Civilization: Evil of Biblical Proportion
One book that really affected me is Ishmael, by Daniel Quinn. The theme of the book is the place of greed in the history of humanity. I found it to be hugely imaginative and unexpectedly gripping. Still, as I was already a member of that choir, the message was not the source of the book’s impact on me.
At the end of his book Mr. Quinn related that message to the story of Cain and Abel in the Bible. That positively astonished me.
For many years after I read that book I consciously had my subconscious working on what else might be gleaned from the book of Genesis. That is to say, I consciously assigned my subconscious the task of getting more in that vein from that first Book of the Bible.
Once thing I have consciously pondered is the ways in which creation as it is related in Genesis accords with the findings of science. Here I must note one thing a lot of people are unaware of, which is that there are two accounts of creation as it applies to Earth and humans, in Genesis. The first comes in Chapter 1 and the second in Chapter 2. I write that, not to delegitimize anything, but simply for precision.
I do acknowledge that there is not much to be said for compatibility of details between science and the Bible. Nothing really follows from it. The Bible’s focus is morality, not materiality.
Even so, there is a surprising amount of coincidence between the Bible and scientific knowledge in Genesis. For instance, in the (first) Biblical account of creation there is to begin with a “void” and in science before the Big Bang there is nothing (that can be known). In the Bible as with science, “Light” comes before anything else; what we call the Big Bang could more accurately be called the Phenomenal Flash: there was light, but no atmosphere to carry sound waves, and it was the phenomenon that was literally the Mother of all phenomena. In the Bible as with science, stars come later. In the Bible (in the second account of creation) as with science, when it was first formed Earth had no water on it. One scientific theory is that the oceans were created by a rain of comets; the Bible says God caused rain to make the oceans. In the Bible as with science, animal life first appears in the ocean. In the Bible as with science, humans came last.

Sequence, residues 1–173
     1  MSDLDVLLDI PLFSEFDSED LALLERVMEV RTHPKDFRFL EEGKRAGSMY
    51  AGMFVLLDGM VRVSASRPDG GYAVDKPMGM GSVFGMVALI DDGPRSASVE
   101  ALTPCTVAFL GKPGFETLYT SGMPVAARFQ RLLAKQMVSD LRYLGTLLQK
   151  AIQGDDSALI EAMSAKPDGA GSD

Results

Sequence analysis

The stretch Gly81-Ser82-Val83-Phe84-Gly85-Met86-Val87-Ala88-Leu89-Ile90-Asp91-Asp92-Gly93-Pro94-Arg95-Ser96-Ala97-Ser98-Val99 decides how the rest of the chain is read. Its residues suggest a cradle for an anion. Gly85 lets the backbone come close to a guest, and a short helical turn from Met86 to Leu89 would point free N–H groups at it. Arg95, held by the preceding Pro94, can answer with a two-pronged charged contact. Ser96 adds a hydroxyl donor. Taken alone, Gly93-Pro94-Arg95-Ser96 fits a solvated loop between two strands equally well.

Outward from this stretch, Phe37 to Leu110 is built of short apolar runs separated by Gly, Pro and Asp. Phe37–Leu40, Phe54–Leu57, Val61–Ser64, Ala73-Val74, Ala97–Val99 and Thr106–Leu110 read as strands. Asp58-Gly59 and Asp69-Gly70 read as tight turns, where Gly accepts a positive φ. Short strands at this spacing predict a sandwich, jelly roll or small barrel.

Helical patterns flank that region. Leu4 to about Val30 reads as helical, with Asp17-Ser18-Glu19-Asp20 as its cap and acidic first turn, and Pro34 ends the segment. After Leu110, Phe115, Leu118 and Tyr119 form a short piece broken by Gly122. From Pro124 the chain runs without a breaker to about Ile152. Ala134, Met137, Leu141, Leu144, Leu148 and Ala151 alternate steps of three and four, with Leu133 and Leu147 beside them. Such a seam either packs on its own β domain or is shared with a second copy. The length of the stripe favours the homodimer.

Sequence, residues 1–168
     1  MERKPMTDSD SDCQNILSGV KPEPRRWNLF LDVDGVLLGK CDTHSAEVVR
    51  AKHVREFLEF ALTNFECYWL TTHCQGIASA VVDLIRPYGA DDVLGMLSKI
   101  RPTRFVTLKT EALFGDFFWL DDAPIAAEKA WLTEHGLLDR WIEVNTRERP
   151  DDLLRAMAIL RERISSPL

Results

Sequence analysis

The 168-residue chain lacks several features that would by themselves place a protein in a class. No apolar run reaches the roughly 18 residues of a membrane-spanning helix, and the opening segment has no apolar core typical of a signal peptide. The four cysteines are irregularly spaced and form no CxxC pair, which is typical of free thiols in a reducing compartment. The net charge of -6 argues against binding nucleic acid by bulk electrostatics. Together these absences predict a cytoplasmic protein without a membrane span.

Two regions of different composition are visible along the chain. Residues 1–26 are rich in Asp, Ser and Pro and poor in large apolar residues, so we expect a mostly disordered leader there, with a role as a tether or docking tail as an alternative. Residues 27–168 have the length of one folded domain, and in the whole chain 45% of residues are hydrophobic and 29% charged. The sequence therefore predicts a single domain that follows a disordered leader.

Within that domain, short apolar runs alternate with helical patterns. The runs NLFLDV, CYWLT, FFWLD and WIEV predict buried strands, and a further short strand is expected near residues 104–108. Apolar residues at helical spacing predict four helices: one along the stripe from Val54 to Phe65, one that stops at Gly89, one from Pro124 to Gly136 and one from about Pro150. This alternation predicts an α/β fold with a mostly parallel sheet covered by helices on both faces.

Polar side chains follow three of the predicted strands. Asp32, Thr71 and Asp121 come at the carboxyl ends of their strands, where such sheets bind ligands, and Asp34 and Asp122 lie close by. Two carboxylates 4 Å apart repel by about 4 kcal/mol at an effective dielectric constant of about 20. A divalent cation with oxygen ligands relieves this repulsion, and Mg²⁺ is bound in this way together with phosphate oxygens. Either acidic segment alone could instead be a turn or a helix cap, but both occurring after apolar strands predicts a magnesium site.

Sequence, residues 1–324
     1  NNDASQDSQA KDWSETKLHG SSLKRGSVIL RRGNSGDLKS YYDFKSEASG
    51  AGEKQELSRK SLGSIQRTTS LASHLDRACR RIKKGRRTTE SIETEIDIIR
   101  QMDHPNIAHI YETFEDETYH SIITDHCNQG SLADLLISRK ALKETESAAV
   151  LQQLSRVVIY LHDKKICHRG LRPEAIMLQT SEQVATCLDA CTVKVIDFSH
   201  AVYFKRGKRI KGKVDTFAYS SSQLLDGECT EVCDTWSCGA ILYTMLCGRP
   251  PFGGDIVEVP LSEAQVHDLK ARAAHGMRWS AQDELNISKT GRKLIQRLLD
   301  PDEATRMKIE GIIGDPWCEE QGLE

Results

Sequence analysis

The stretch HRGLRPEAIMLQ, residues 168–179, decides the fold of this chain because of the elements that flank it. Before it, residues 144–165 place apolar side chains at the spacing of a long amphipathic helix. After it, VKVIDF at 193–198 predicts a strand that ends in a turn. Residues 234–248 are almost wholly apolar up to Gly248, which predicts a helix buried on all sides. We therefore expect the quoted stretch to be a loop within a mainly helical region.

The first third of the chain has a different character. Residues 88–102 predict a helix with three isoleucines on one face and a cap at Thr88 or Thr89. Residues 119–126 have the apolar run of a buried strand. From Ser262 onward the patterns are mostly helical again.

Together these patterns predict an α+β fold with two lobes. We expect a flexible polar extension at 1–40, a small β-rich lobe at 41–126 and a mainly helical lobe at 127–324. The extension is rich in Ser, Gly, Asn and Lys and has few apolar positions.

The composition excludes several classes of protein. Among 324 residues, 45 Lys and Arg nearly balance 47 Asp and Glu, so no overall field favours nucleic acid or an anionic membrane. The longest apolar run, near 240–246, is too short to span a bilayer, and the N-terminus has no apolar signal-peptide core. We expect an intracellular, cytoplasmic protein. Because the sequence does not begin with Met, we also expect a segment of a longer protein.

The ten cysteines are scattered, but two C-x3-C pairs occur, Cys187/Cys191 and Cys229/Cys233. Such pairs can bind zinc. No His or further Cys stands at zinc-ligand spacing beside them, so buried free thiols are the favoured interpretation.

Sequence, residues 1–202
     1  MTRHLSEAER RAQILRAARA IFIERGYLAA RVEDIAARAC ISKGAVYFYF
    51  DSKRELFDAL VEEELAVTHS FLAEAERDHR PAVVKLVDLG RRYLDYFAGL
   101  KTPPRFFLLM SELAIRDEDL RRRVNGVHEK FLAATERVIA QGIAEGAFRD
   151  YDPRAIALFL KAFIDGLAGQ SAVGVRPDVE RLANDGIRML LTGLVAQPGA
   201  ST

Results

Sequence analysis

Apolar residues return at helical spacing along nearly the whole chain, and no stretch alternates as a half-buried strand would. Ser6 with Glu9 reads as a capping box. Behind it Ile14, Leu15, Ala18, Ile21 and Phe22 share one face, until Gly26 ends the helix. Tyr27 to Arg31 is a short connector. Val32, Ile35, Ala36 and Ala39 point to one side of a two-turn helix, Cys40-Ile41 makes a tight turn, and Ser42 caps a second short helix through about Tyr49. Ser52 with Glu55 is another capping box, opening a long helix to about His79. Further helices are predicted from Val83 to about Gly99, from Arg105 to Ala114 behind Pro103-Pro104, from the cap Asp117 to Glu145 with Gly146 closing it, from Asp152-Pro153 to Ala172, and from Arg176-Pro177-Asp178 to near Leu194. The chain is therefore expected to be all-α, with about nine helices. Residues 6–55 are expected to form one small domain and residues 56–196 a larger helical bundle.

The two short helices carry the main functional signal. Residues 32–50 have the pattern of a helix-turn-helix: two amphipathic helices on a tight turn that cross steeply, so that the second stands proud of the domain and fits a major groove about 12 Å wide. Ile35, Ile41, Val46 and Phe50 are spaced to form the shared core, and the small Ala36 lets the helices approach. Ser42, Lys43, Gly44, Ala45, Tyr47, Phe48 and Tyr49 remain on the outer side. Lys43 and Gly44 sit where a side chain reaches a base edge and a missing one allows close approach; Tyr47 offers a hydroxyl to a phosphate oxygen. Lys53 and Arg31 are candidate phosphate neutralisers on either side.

The last of those is the only really important accordance between science and the (first) Biblical account of creation. Both there and in science, humans are as much a part of the material world as anything else existing in nature.
Eventually I had a, well, revelation about the narrative(s) of creation in Genesis. It occurred to me that they can be seen as an attempt by human beings to account for the fact that human beings are so obviously a part of Creation (i.e., the Universe, i.e., material existence) and yet so obviously different from the rest of nature.
The Book of Genesis was probably written down about twenty-five hundred years ago. Its authors doubtlessly drew on oral transmissions that had been passed down from generation to generation for many thousands of years before that.
With less than an eyedropper’s worth of the ocean of knowledge that we have accumulated as a species, people were trying to explain to themselves the profound difference between human beings and the rest of the natural world of which we are so much a part. To do that you have to go all the way back to, you know, the beginning.